Arts & Leisure

“Fantastic Beasts” starts slow, speeds up

NEWT SCAMANDER (Eddie Redmayne in 1926 New York City in "Fantastic Beasts and Where to Find Them."

NEWT SCAMANDER (Eddie Redmayne in 1926 New York City in “Fantastic Beasts and Where to Find Them.”

By Jim Tortolano

The original “Harry Potter” series of movies started off wonderfully but eventually lapsed into repetition and almost self-parody. There’s a new series of J.K. Rowling tales coming to the movie houses of the world and we can only hope that there’s not a return engagement of the same arc.

LogoforMovieReview“Fantastic Beasts and Where to Find Them” is the first in a new string of films set in the Potter-verse, but this one is a bit of a breath of fresh air. No longer confined to the musty walls of Hogwarts, this new branch of the franchise, this first of the five takes place in New York City in 1926.

Newt Scamander (Eddie Redmayne) comes to the Big Apple on a mission of cataloging magical critters in the New World. He accidentally swaps briefcases with Jacob Kowalksi (Dan Fogler) and much confusion ensues.

They run afoul of the Magical Congress of the United States of America, which is struggling to keep the existence of mages, wizards, witches, warlocks and consultants hidden from the “no-maj”(Yankee equivalent of muggle) public.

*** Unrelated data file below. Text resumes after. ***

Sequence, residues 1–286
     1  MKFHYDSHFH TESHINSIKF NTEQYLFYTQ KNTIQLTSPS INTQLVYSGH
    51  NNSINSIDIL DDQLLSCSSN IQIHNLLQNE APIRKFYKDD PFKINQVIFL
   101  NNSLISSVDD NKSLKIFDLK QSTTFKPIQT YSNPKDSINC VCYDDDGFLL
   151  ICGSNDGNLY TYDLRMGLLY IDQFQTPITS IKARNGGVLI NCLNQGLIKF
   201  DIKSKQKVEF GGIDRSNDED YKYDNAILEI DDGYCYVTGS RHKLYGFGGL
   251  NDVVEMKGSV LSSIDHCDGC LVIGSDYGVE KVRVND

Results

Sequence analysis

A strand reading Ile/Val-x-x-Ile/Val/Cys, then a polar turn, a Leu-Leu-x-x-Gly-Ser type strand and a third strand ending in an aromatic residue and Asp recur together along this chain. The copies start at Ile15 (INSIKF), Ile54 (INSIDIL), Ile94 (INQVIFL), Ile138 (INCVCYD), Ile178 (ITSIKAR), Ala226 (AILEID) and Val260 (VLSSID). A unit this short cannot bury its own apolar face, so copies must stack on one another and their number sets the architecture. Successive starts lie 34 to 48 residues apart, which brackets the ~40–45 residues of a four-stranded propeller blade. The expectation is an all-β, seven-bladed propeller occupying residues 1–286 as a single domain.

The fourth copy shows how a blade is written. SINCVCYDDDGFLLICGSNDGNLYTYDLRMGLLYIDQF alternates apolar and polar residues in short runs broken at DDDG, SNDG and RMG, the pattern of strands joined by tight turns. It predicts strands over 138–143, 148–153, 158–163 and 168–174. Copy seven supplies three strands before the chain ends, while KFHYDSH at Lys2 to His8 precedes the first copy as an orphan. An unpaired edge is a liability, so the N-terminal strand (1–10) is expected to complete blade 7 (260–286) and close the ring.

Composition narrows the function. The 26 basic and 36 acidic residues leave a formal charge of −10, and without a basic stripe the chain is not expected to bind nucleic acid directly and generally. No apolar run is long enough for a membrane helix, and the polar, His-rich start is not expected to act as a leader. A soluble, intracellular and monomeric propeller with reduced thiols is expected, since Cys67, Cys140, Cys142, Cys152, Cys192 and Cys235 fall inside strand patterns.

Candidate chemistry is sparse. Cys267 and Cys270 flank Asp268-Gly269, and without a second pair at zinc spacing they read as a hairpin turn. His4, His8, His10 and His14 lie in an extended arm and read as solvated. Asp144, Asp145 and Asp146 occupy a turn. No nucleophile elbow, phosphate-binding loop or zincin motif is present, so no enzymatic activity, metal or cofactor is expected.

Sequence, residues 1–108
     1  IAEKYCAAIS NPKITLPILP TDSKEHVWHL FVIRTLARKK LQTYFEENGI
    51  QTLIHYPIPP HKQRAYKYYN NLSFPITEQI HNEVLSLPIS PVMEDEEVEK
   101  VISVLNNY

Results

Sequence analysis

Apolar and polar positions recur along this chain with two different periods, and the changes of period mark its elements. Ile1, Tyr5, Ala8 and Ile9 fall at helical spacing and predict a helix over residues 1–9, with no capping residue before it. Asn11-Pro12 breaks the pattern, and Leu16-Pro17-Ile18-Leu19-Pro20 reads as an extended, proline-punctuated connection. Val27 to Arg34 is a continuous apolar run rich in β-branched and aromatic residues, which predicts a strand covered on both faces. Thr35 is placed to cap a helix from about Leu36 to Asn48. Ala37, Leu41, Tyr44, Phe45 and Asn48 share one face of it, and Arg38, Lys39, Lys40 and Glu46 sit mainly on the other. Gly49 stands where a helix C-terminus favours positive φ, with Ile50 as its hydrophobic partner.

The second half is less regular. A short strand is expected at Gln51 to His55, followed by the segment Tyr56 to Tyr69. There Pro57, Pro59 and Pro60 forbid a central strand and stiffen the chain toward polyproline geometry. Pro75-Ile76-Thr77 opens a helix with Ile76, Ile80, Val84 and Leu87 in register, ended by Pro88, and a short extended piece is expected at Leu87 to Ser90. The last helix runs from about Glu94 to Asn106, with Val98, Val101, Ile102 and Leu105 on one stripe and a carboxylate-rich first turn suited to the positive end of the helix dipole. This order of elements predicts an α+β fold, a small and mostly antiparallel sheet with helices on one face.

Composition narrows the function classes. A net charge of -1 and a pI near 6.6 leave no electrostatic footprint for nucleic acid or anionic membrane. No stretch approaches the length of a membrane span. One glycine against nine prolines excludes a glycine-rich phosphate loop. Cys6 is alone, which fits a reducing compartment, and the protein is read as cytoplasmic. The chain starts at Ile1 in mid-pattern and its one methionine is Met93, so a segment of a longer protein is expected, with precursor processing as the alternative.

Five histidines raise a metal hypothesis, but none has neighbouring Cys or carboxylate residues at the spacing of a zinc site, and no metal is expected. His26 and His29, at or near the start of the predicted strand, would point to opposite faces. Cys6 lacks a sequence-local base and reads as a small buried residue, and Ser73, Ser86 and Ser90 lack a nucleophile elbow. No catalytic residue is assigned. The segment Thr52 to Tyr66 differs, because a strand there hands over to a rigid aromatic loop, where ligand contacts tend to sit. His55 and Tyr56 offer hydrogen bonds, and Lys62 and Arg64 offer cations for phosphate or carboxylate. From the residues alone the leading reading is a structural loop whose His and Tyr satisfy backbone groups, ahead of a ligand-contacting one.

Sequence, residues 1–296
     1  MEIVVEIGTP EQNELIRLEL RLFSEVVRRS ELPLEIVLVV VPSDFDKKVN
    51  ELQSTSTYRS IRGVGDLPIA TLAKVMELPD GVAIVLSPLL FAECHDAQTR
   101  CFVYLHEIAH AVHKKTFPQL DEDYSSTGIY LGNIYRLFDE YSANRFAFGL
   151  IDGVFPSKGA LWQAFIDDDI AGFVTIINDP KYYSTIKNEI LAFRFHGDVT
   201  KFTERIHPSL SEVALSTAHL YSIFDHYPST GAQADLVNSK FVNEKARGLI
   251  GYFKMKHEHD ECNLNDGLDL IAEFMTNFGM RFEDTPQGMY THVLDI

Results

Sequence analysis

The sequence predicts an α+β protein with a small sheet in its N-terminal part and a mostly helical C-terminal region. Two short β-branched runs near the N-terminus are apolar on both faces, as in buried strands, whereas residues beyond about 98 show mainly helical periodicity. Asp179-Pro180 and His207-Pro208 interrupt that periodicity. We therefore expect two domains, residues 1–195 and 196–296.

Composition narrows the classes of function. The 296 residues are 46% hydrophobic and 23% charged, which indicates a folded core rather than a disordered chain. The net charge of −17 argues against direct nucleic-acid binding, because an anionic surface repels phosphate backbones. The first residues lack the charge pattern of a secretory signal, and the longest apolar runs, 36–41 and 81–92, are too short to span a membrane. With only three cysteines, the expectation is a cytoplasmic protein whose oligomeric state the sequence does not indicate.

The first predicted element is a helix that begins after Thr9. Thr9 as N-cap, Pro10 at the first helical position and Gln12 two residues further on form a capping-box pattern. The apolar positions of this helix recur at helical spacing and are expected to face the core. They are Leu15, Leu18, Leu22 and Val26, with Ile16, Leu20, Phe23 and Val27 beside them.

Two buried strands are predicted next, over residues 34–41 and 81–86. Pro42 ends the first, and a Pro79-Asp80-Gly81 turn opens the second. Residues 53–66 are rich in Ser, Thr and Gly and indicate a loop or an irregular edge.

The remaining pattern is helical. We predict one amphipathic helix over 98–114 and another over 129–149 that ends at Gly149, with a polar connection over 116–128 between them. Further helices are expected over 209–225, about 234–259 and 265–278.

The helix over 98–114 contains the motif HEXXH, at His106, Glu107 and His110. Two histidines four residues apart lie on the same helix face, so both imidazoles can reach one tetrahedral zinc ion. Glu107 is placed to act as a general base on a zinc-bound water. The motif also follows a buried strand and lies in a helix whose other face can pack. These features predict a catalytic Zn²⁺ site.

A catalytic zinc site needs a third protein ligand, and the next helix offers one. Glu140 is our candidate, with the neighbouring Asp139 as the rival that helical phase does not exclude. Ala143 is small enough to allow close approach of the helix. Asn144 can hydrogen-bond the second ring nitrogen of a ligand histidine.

goodmovielogoOur “heroes” fall in with Portina Goldstein (Katherine Waterston) and in trouble with Graves (Colin Farrell). The first half of the film is slow, as the sometimes-tedious process of exposition chugs slowly along.

But the second half picks up the pace and there’s enough CGI action and inventive biology to keep your attention to the handoff to … the next four movies.

There are several fine performances here but the ones which stand out are Farrell’s slow reveal from earnest lawman to … something else, and Waterston’s almost-teary empathy.

If the rest of the series can keep turning up new stuff to marvel at, this is a fine start. If not, it’s bound to just be the start of a most unfantastic journey.

“Fantastic Beasts” is rated PG-13 for make-believe violence.

1 reply »

  1. I think it deserves a little more credit. It took two completely different worlds, one of which the audience can relate to, and made them one. JK Rowling did it again. Brilliant!

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